Did you deliberately ignore “bring your own, potentially hacked, calculator ” and are trolling, or are you simply an idiot? Honestly I can’t tell.

        1. Do you really think every grade school kid is going to “shoehorn” anything into a calculator? And then hook it up to power? And then hook it up to the school wi-fi? And then hope to find the exact answer to the test question? Wouldn’t it just be way easier to study? And they already aren’t studying… Honestly, if they make these Numworks as open as possible, lots would be able to spot a cheater a mile away.

          1. Their phone outside the room or wherever is the AP for the ESP8266 and yes, all it takes is one kid to do it and then they would sell the mods to all their friends, as per the distribution for all other cheating methods that can be duplicated in some way. You’d be surprised what some rich but stupid kids will pay to avoid failure. It is only a matter of time before calculators will need to be supplied per exam session to ensure they don’t contain a hack. Welcome to the 21st century.

          2. In high school kids offered to pay me once to program equation solvers into their calculators before a test. I said no because I’m not a cheater, but it occured to me I could have made a LOT of money.

        2. Wow, rude. Did you deliberately ignore that there’s an actual person writing these comments and are trolling, or are you this mean in person too? Honestly I can’t tell.

          I think you could tell if a TI-89 was 2 or 3 mm too thick because the cover wouldn’t fit (at least, it would be tight as all get out). And as asperw says, how many high school kids would be able to do that, really? We’re the exceptions on this site, mind you.

        1. Dan, calling other people ignorant or idiots is not proof your claim is relevant or correct, nor does it make you look smart. Arguments will need to back your claim up, not bravado or spite. Be nice.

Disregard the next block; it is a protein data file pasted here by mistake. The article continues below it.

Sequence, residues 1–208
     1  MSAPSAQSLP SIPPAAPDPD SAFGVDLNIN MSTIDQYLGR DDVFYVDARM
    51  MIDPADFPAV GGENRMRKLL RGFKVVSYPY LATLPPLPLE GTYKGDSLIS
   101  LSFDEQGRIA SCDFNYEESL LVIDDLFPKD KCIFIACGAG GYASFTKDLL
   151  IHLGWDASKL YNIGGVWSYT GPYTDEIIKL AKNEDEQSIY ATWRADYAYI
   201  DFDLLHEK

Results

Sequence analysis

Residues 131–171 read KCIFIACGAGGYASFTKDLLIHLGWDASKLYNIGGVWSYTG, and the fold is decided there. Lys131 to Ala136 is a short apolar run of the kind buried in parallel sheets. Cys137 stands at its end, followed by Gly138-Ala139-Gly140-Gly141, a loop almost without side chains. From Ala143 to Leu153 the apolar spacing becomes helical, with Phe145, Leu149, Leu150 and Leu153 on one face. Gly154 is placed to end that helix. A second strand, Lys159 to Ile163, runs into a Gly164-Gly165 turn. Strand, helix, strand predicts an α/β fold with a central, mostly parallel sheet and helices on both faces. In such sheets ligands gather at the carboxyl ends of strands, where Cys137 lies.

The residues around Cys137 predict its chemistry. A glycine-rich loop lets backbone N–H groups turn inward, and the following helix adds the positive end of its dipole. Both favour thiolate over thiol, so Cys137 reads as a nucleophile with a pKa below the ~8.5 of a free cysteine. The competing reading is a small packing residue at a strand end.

1. I have 2 dedicated calculators because while smartphone calculators are better than nothing if I have to do complex maths ‘out in the wild’, if I’m sat at my desk and trying to work out something, I’d much rather have tactile keys and be able to focus purely on the calculator properly. Even computer calculator apps don’t come close to the workflow of a good calculator at that time.

      (The 2 calcs are a casio and a TI-84+, the TI-84+ is nice for many things, but it’s big, bulky (a lot of this is the 4*AAA), and lacks a reasonable base-n mode, the casio is dual-power (solar+button cell), thin/light and has a nice base-n mode)

      1. This. I have tried multiple calculators on my smartphone, but I far prefer a real one. Especially when I was doing exams – in fact, I preferred my basic scientific calculator except when the graphics calculator was actually needed.

    1. I feel if I was designing a calculator I’d use something like the NH10WM/NH14WM form-factor battery, there’s plenty of 3rd party support (especially since some vaping companies piled on it) and it’s something that you can ‘just use’

  2. I suspect many of these exams where you can use a calculator explicitly list the approved calculators by name and aren’t likely to list this new one (when I was in school, they had a very specific list of approved calculators including some TI models, some Casio models like the one my school had standardized on and I think some HP models)

    1. Equipnet handled the aution of gear from broadcom Oulu unit here and tons of people bought stuff from it. Some for fairly decent prices.
      If you want good prices you need to buy something older and more obscure.
      GSM testers went for under 50eur while LTE capable devices went for 5000-50000eur for example.